Couples not ready to quit playing the Masters just yet

Rory McIIroy (left) and Dustin Johnson prepare to tee off on the fourth hole during their practice round for the Masters at Augusta National Golf Club on Monday, April 5, 2021, in Augusta.  Curtis Compton / Curtis.Compton@ajc.com
Rory McIIroy (left) and Dustin Johnson prepare to tee off on the fourth hole during their practice round for the Masters at Augusta National Golf Club on Monday, April 5, 2021, in Augusta. Curtis Compton / Curtis.Compton@ajc.com

Credit: Curtis Compton / Curtis.Compton@

Credit: Curtis Compton / Curtis.Compton@

AUGUSTA - As long as Fred Couples feels he can play Augusta National, he’ll be back.

At age 61, the 1992 champion will play in his 36th Masters. Despite missing the cut the past two tournaments, Couples feels like he can compete – not necessarily win, but compete. While the youngsters are hitting 9-irons into greens and Couples is hitting 6-irons, he still feels the desire to play.

“It’s not a competition for me,” Couples said Monday before the 2021 Masters. “The competition for me is to play the course the best I can. And when that becomes havoc, then I will probably have played my last Masters. At the moment, even the last two years, I’ve had two bad rounds but I’ve had two really, really, really good rounds. So I’ve got to play it, relax and have fun.”

Couples shot 77-73 last year in November and 78-71 in 2019 to miss the cut. However, he has 20 top-25 and 11 top-10 finishes in his Masters career. He looks and sees how players like Bernhard Langer and Larry Mize are still getting around and is encouraged.

“It’s an honor to be here,” Couples said. “I can still play. …. As long as I can compete, I will come back. I don’t know if that will be two more years, four more years or what. A lot of older guys have done well here.”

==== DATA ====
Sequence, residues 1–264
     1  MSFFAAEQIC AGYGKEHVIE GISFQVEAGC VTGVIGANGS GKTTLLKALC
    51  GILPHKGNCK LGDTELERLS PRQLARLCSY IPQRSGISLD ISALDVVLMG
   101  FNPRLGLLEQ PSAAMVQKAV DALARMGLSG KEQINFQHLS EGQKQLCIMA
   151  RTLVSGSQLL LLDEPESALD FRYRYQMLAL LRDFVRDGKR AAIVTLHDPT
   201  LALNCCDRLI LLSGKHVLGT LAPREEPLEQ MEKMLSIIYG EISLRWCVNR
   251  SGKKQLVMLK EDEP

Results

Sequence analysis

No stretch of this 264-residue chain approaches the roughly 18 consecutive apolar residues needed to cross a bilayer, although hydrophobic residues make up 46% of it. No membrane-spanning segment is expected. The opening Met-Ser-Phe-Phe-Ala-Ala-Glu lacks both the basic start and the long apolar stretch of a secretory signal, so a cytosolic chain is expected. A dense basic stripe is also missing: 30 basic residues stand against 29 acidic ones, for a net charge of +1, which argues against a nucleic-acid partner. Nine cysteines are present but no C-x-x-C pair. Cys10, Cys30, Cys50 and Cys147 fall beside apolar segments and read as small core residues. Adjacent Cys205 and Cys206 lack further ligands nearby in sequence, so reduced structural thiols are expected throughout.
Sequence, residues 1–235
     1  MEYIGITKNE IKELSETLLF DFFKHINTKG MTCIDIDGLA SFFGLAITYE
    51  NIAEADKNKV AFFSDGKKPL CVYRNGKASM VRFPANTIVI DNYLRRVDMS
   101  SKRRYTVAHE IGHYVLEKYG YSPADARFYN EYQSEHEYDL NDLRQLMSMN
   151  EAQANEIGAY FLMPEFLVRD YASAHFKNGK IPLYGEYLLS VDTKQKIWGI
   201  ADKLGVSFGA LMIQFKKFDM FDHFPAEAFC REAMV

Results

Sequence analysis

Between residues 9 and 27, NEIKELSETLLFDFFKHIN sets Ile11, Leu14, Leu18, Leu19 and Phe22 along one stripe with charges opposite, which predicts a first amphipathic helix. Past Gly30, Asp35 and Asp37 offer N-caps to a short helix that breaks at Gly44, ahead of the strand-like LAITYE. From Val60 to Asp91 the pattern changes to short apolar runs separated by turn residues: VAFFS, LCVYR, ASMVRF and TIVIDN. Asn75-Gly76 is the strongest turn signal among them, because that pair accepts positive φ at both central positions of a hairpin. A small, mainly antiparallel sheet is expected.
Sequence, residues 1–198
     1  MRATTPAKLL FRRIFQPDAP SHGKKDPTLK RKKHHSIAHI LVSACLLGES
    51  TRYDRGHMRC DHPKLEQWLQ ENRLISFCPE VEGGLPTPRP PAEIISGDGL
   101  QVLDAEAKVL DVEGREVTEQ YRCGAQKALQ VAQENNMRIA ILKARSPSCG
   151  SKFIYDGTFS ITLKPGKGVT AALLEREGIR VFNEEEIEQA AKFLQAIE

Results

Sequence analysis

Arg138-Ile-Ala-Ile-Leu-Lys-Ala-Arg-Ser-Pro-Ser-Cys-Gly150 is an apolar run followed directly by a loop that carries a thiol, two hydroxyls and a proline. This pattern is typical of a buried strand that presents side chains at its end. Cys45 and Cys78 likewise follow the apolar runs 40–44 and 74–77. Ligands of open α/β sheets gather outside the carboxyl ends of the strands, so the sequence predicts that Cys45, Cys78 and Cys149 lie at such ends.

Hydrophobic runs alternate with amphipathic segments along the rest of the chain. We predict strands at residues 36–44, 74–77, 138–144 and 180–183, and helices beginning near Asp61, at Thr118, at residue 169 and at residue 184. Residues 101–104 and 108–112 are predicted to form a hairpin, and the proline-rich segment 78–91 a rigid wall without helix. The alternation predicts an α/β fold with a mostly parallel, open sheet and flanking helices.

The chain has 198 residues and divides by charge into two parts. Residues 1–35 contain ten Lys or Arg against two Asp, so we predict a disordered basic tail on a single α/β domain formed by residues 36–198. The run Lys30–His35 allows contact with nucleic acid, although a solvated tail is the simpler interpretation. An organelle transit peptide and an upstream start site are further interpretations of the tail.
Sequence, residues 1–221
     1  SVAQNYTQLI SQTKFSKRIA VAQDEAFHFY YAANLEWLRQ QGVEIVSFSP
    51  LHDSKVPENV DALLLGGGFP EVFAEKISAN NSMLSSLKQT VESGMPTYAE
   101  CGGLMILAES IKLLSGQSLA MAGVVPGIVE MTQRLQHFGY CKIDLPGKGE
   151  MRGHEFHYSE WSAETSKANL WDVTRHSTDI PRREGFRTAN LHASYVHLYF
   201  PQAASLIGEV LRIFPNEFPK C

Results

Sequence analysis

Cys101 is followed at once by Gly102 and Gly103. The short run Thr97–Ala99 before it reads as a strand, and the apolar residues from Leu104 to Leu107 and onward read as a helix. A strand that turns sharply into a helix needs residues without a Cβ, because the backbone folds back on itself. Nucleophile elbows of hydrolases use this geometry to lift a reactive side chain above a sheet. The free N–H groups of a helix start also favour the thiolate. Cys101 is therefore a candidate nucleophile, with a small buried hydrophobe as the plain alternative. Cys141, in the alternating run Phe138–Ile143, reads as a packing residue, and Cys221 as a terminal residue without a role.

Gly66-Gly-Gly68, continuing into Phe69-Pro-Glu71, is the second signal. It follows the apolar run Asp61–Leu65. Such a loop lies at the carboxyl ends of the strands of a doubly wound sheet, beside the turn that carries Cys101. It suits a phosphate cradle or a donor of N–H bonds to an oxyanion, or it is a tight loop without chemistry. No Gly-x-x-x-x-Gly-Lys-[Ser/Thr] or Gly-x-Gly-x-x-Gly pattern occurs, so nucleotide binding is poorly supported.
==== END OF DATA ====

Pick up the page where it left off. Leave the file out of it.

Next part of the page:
Bubba cheers

Bubba Watson made sure he got to Augusta in time to watch the final round of the Augusta National Women’s Amateur on Saturday. He stood by the 18th green - sporting is green jacket as a two-time winner of the Masters - to support the finishers.

“It’s a no-brainer for me to come out here, support and watch,” Watson said Monday. “Having the green jacket, I don’t know how I got it twice, but I got it and I feel like I’m part of the club and I want to be here and support anything they do, endeavors they do. The membership here is so smart and intelligent in what they are doing for the game of golf, not only for ladies but for young people, for men as well, it’s pretty impressive. … Why would you not want to be out here and support the women who are playing.”

Delivered on time

Baby watch is over – with a happy ending.

Jon Rahm’s wife gave birth on Saturday. The world’s third ranked golfer could have missed this week’s Masters had the child made it to its due date on the weekend. Rahm posted on Instagram Sunday that mother and child are “doing great” and wrote “Without a doubt the greatest day of my life!”

Rahm had a top-10 finish in each of the last three Masters, finishing fourth in 2018, tied for ninth in 2019 and tied for seventh last year.

Koepka here to play

Brooks Koepka arrived at Augusta National and intends to play in the Masters despite undergoing surgery on his right knee in March.

Surgery was required to help with a kneecap dislocation and ligament damage on March 16, 10 days after he slipped and fell. Koepka won the Waste Management Phoenix Open in February and tied for second in the World Golf Championships Workday Championship.

Koepka, ranked No. 11th in the world, is a four-time major winner. He finished tied for seventh last year after a tied for second in 2019.

Garcia back

Sergio Garcia, the 2017 Masters champion, is back this year after missing last year following a positive COVID-19 test.

Garcia hadn’t missed a major since the 1999 U.S. Open when he was forced to miss last year’s Masters after it was moved to November. He was back on the grounds this week getting ready to play as a former champion.

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